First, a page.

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Ethics panel criticizes Md. lawmaker for ‘official’ rant against Ravens’ linebacker

Tuesday, February 5, 2013
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ANNAPOLIS, Md. — An ethics panel has criticized a Maryland lawmaker for using his official letterhead to urge Baltimore Ravens owner Steve Bisciotti to restrain linebacker Brendon Ayanbadejo from publicly supporting same-sex marriage.

Delegate Emmett Burns (D-Baltimore County), confirmed Tuesday he received what he described as “a cautionary letter” from the Joint Committee on Legislative Ethics. The panel did not recommend further action.

Emmett C. Burns

Burns says he accepts the panel’s finding, and he says he never meant to infringe on First Amendment rights to try to silence Ayanbadejo, who remained active on the issue.

In the Aug. 29, 2012, letter written on official Maryland House of Delegates stationary, Burns wrote:

“As a Delegate to the Maryland General Assembly and a Baltimore Ravens Football fan, I find it inconceivable that one of your players, Mr. Brendon Ayanbadejo, would publicly endorse Same-Sex marriage, specifically as a Raven Football player. Many of my constituents and your football supporters are appalled and aghast that a member of the Ravens Football Team would step into this controversial divide and try to sway public opinion one way or another. [...]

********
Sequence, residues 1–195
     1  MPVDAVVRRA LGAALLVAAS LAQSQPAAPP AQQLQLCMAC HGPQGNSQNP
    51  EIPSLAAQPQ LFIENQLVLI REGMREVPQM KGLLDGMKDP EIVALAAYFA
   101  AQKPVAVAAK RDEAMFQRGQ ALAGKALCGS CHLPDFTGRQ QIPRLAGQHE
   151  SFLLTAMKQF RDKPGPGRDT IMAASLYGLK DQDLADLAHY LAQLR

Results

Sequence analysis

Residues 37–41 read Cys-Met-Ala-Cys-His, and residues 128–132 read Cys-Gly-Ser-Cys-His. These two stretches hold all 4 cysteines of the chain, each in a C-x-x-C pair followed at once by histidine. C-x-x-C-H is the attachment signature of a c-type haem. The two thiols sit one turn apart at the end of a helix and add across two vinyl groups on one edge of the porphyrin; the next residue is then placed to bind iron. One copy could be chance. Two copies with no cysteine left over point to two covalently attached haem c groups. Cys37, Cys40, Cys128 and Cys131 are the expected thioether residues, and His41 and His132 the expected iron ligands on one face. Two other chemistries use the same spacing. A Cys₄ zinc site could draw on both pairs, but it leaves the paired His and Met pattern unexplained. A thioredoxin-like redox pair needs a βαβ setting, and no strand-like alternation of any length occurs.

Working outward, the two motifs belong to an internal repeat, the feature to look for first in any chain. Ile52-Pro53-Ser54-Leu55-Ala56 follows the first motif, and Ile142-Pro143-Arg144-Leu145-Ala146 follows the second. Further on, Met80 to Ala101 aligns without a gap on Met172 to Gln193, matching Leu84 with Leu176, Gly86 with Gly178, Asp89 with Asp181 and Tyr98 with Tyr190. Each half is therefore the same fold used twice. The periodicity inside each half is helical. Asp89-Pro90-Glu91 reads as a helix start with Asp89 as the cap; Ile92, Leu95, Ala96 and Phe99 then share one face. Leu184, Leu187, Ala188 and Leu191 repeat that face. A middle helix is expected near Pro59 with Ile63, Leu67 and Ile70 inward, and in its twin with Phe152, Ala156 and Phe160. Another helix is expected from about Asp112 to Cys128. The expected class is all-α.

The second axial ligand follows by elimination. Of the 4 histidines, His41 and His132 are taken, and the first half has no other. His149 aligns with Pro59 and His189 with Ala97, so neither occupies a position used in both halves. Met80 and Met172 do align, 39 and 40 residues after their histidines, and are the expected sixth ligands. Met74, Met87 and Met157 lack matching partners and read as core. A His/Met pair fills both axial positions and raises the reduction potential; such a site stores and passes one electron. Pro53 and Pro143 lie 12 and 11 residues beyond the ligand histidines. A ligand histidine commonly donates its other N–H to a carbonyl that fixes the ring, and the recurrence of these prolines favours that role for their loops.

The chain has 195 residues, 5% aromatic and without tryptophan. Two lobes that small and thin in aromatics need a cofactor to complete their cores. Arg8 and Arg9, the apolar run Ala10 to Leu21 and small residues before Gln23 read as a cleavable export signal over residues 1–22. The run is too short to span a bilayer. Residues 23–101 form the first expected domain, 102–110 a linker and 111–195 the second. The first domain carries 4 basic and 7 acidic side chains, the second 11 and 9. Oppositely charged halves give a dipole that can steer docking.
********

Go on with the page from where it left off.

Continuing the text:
“I believe Mr. Ayanbadejo should concentrate on football and stand clear of diving the fan base. I am requesting that you take the necessary action, as a National Football Franchise Owner, to inhibit such expressions for your employee and that he be ordered to cease and desist such injurious actions. I know of no other NFL player who has done what Mr. Ayanbadejo is doing.”

Last year, Ayanbadejo appeared in a video campaign of high profile Marylanders aimed at building support for same-sex marriage legislation in Maryland, and continues to advocate nationally for marriage equality.

The Maryland bill eventually passed in the state legislature, was signed by Gov. Martin O’Malley, and was approved by voters in a ballot referendum on Nov. 6, 2012.

Maryland became the ninth U.S. state to legalize same-sex marriage when the law took effect Jan. 1, 2013.

Burns, a Baptist pastor, says he was representing many of his constituents by speaking out against same-sex marriage. He has declined to release a copy of the reprimand publicly.

Associated Press contributed to this report.

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